Three heavy­weights slug it out in Pun­jab on poll-eve. The Congress and AAP gun for the Badals, ac­cus­ing them of amass­ing per­sonal wealth. But the in­cum­bents re­main con­fi­dent of re­turn­ing to power

India Today - - NATION/PUJAB - By Asit Jolly

In what would un­ques­tion­ably be counted as the cold­est win­ter of the 10-year-old Shi­ro­mani Akali Dal-BJP coali­tion, it is un­com­monly scorch­ing across the Pun­jabi hin­ter­land—the fast ap­proach­ing as­sem­bly elec­tions rais­ing tem­per­a­tures like never be­fore. And nowhere is this more pal­pa­ble than in Lambi—the per­sonal po­lit­i­cal bas­tion care­fully nur­tured for two decades by 89-year-old Akali pa­tri­arch and five times chief min­is­ter, Parkash Singh Badal.

Here, the coun­try­side, freshly painted over with green wheat fields, is cloaked in an un­mov­ing fog. Yet Arvin­der Singh, a mid­dle-aged farmer in Fatuhikhera vil­lage, says he can feel the wind gain­ing strength: “Umeed ban di jaa rahi

hai, ais waar kujj wakhra hov­ega (hope is build­ing… this time will be dif­fer­ent),” he says. His con­fi­dence springs from the for­tu­itous ar­rival of for­mer chief min­is­ter Capt. Amarinder Singh. “After a very long while, vot­ers here (in Lambi) have the choice of two can­di­dates of com­pa­ra­ble stature,” he says, his eyes light­ing up.

But what is re­ally sig­nalling pos­si­bil­i­ties of change is that for the first time there is a cred­i­ble three-cor­nered race in what had al­ways been a bipo­lar face-off be­tween the Congress and SAD-BJP. The Aam Aadmi Party that won four out of Pun­jab’s 13 seats in the 2014 Lok Sabha elec­tions, all in the po­lit­i­cally crit­i­cal Malwa re­gion, is in the fray. With 69 of the 117 as­sem­bly con­stituen­cies con­cen­trated here, Malwa is the clincher in any as­sem­bly elec­tion. Ev­ery sin­gle chief min­is­ter of Pun­jab, with the exception of Dar­bara Singh, was from here. In 2014, AAP led in 31 Malwa as­sem­bly seg­ments and was a close sec­ond in nine. It did well in as­sem­bly seg­ments across erst­while SAD and Congress bas­tions.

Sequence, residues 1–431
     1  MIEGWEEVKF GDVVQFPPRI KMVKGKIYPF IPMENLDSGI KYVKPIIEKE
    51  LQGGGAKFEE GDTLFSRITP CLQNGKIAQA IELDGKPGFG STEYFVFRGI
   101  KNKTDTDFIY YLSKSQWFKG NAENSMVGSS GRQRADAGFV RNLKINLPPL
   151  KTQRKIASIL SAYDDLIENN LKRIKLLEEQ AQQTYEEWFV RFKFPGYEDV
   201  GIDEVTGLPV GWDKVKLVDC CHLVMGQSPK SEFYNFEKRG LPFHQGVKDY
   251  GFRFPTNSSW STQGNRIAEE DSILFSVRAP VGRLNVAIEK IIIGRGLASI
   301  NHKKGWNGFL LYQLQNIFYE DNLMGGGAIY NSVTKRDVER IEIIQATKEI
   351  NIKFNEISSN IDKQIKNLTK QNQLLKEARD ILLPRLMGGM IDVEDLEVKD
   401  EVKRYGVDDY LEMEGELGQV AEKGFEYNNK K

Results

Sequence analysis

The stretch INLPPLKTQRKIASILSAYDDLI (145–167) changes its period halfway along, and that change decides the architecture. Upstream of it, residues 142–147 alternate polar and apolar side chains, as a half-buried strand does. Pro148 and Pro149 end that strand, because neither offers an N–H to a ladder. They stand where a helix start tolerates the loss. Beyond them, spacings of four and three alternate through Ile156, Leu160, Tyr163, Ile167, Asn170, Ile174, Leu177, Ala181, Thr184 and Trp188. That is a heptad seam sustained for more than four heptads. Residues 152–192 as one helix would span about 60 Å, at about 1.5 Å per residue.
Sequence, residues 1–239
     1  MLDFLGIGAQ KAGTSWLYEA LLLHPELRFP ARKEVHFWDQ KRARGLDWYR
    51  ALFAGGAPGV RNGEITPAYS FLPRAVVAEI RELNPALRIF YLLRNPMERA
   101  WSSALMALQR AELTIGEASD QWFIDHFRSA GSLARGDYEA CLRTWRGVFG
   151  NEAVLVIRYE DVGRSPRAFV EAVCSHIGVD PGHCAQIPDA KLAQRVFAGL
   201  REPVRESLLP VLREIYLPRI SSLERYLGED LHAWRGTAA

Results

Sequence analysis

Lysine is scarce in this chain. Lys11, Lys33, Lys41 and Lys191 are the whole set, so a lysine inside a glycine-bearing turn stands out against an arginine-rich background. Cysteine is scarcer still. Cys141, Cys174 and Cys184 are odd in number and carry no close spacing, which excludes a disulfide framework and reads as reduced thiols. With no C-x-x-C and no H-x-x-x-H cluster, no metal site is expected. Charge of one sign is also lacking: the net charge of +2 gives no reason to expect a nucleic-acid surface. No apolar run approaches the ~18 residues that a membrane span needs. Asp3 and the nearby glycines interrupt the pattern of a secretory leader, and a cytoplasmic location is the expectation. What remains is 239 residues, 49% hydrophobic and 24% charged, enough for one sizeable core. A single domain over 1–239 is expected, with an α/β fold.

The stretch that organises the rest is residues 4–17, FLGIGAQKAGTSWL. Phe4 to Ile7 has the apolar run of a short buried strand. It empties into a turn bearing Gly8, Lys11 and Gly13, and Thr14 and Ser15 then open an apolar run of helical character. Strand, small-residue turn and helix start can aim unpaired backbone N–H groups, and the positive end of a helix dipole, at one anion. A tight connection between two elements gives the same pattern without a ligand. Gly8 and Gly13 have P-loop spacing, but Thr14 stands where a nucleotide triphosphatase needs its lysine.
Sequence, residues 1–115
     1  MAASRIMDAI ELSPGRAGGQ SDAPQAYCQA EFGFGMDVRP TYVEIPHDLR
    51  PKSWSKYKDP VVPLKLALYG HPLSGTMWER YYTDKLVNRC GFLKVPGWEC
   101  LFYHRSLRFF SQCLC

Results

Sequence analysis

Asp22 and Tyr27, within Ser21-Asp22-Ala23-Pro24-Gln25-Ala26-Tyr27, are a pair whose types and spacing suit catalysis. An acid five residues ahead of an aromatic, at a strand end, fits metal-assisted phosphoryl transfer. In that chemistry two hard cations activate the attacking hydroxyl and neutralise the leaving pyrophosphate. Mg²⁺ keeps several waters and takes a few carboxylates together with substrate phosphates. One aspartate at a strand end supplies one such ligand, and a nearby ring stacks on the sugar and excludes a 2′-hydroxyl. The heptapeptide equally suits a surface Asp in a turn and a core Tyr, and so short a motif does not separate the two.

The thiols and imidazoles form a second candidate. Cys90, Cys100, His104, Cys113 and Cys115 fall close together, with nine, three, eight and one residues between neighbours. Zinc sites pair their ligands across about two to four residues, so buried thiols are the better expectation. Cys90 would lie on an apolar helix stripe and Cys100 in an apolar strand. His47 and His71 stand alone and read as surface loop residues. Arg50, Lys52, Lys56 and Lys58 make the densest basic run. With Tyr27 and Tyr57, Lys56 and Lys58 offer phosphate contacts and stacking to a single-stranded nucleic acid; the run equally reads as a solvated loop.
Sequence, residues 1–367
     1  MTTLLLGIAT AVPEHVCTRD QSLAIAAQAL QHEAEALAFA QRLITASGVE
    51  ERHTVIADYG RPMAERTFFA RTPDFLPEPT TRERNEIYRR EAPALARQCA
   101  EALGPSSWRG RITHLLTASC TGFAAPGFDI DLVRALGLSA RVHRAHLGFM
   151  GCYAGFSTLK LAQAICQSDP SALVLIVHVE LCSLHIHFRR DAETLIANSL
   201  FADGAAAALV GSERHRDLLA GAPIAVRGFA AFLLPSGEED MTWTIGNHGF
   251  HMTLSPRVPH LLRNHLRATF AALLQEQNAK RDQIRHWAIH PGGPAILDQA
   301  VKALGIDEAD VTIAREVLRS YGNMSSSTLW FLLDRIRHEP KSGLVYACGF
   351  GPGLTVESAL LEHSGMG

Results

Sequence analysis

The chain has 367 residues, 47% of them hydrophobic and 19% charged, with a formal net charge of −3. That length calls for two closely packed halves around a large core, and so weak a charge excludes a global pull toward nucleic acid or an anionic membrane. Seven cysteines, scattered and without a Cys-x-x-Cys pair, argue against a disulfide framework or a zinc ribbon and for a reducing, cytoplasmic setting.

That the fledg­ling party could pull it off amid a coun­try­wide wave for Naren­dra Modi, where peo­ple voted for it think­ing it would cap­ture power in Par­lia­ment, has made the Congress and SAD-BJP sit up and take no­tice. No less wor­ry­ing for them is that AAP led in 14 of the 34 re­served con­stituen­cies in the state. Nearly 32 per cent of the Pun­jabi elec­torate is Sched­uled Caste, dom­i­nant in 44 as­sem­bly con­stituen­cies.

Spear­head­ing the party’s cam­paign, AAP na­tional con­venor and Delhi chief min­is­ter Arvind Ke­jri­wal knows Malwa will be cru­cial to edg­ing past the fin­ish line on Fe­bru­ary 4. He is pit­ting for­mer Delhi MLA Jar­nail Singh (whose claim to fame springs from the shoe he hurled at P. Chi­dambaram, fi­nance min­is­ter in the UPA-II gov­ern­ment) against Badal in Lambi. It may seem like David ver­sus Go­liath, but Jar­nail is ev­i­dently feed­ing the grow­ing in­dig­na­tion against

the in­cum­bent. On Jan­uary 11, a vil­lager threw a shoe at Badal in Lambi. Since then, there have been half-a-dozen in­ci­dents—protests and an­gry slo­ga­neer­ing—at his meet­ings.